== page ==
After those exhausting concentrations, I took a breather during the short and totally inconsequential film clip that followed. The newsreel was next and it mostly covered the tragedies that were occurring in the Korean conflict. Those terrifying bits of news created a somber pall, but not for long, because the mood was instantly changed as the bright houselights came on and it seemed as if a stampede was in progress because most of the audience was rushing to the lobby. I remained in my seat, fearful that it would be occupied by someone else, but the call of nature, because I had been sitting there for at least three hours, took precedence. That 15-minute break allowed the audience in the lobby ample time to decide what kind of refreshment they could buy at the very well-stocked candy bar.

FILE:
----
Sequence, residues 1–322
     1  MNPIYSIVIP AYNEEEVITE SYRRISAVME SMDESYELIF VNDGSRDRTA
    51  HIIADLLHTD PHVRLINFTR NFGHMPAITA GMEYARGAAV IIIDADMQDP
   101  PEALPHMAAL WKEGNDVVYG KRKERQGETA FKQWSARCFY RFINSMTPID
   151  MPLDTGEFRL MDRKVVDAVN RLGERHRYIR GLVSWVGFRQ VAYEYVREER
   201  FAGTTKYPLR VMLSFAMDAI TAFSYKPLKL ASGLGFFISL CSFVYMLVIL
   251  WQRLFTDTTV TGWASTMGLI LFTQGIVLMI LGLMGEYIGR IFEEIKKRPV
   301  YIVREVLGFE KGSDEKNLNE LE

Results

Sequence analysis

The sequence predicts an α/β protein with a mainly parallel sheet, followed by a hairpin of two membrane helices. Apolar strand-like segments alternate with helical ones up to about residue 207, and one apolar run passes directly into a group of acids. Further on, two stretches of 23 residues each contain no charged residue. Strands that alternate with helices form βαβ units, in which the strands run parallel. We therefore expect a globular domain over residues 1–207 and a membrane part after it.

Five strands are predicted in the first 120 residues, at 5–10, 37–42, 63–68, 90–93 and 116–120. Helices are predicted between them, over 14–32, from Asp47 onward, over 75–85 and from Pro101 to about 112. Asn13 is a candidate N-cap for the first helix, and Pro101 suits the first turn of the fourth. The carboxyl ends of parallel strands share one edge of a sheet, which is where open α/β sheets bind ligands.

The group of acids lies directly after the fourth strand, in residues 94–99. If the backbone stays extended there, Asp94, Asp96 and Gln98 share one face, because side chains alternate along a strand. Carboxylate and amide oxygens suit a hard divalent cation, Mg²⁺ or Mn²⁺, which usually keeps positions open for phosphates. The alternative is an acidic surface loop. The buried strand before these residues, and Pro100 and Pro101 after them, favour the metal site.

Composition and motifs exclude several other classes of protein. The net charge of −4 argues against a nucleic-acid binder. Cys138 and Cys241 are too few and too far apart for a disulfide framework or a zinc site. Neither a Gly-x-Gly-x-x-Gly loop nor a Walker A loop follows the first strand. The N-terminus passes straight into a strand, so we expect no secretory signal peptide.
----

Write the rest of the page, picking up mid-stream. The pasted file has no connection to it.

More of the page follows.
Upon my return from the large and clean bathroom, the lobby was full of happy people gnashing on all sorts of goodies. To my astonishment, many of them were walking around with cartons overflowing with pale-yellow puffy things that had just been doused by the candy-girls with generous drizzles of some kind of oily liquid. Judging by the pungent aroma that permeated the theater, I assumed that the secret ingredient of that delight must have been some kind of burnt butter, or margarine. Something, I though most likely to be sugar – as the cartons came from the candy bar, after all - was sprinkled on tops of the puffs that were precariously stacked in large, cheerfully decorated paper containers. I later discovered the granules were salt.